A Different Voice

Captain Elmo Jaaywardena, Courtesy of the Sunday Leader, 16 January 2011, reviewing Public Writings on Sri Lanka by Charles Sarvan

“There are three sides to a story,                                                                                      

Your side and my side,  for which we fight,                                                                         

  Then of course the side that’s right”

I have neither knowledge nor the educational background to write a review moving in tandem with what Dr Sarvan wrote. He quotes the entire high-end of the literary world of which I know very little. Even the lines in italics above about the three sides of a story I only remember the words and do not even know who wrote them. My reaction to the book is simply that of an ordinary Sri Lankan; we have a more than valid opinion of things that happened in our homeland and how they should be understood if we are ever to have a hope for peace in Sri Lanka.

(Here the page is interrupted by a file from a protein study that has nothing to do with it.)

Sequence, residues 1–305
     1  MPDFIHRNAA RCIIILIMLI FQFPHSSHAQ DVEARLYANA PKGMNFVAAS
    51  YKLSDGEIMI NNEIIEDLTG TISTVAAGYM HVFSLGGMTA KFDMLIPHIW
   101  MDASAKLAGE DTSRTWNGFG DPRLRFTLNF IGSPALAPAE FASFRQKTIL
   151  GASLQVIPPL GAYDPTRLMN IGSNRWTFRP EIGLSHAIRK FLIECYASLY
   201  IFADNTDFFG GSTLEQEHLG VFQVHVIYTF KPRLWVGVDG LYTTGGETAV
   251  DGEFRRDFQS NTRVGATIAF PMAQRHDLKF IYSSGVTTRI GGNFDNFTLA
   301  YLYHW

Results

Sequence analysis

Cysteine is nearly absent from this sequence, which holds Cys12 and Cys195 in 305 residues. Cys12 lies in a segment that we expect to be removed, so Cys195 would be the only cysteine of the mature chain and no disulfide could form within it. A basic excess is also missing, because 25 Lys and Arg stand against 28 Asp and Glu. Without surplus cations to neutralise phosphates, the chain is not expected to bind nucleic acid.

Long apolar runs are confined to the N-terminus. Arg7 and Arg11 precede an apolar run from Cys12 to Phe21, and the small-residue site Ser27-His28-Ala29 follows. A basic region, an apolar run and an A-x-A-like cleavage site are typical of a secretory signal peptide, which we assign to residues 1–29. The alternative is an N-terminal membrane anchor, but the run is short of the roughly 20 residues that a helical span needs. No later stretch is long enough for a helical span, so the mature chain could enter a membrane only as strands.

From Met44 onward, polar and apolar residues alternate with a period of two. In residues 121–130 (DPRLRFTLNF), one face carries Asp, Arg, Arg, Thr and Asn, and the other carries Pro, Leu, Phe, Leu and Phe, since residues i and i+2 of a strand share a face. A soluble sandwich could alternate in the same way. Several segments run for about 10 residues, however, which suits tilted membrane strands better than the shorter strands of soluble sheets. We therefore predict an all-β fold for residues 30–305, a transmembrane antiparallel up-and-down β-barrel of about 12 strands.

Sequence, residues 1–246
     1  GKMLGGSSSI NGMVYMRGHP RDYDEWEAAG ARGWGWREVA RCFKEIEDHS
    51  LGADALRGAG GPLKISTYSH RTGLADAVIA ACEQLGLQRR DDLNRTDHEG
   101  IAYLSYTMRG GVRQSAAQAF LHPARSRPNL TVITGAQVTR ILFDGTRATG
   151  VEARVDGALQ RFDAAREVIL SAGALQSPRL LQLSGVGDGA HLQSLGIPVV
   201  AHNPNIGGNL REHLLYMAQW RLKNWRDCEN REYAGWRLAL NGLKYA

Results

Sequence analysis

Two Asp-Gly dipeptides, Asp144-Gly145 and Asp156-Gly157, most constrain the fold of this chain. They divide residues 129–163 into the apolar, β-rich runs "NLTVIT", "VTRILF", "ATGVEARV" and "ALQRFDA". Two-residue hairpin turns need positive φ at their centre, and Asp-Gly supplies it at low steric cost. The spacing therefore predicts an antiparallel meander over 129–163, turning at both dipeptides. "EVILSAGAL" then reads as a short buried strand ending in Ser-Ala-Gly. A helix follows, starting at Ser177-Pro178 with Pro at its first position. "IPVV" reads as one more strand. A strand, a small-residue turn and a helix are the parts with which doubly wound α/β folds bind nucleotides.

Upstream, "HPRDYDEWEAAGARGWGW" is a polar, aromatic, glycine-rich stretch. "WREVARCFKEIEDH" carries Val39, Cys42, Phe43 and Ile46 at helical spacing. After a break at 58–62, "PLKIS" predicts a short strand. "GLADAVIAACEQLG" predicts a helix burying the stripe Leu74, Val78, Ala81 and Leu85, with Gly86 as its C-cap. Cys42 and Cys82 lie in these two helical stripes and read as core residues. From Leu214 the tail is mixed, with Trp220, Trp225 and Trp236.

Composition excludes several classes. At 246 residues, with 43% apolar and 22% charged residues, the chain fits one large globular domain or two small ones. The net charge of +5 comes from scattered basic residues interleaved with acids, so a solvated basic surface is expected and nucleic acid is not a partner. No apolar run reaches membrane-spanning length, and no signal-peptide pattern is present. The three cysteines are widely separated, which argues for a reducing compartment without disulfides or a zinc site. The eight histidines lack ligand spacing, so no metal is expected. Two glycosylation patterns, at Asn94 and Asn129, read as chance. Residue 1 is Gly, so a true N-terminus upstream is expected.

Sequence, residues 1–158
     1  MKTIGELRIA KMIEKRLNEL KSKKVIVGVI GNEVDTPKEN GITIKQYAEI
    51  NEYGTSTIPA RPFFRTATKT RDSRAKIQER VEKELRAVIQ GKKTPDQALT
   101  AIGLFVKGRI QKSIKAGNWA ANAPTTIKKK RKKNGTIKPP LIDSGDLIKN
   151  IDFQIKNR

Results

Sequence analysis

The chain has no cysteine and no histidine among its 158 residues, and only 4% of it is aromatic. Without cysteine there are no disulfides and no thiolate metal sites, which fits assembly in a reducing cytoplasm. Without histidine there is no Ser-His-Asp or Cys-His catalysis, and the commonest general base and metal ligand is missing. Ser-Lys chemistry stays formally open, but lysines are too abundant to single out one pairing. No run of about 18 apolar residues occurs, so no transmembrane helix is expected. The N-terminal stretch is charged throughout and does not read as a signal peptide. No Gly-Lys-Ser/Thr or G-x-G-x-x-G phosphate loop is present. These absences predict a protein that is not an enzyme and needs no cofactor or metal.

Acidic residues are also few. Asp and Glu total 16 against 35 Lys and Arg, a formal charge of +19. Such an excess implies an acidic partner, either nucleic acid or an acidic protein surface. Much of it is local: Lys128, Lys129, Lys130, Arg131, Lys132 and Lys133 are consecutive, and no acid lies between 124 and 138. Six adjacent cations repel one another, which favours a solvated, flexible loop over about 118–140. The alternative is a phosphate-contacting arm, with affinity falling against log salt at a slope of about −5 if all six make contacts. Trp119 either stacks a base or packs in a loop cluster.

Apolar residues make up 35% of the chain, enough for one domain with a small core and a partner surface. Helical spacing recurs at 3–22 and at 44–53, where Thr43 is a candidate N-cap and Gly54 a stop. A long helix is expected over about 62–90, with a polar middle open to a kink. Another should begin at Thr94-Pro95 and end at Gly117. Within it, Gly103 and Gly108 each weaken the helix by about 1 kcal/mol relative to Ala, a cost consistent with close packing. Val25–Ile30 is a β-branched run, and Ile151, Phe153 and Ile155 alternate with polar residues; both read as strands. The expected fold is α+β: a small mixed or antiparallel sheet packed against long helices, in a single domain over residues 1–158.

Charles Sarvan [Ponnadurai] and his German Frau … Alles bleibt Gut, Charlie.

Sarvan’s narration is a collection of articles the learned professor has written which gives his understanding (and understanding is inevitably personal) of events that took place during the thirty years of conflict. The book also covers the resultant aftermath which may erase the division of races or add more fuel to the fire that burnt Sri Lanka, cauterising its hopes as a united nation.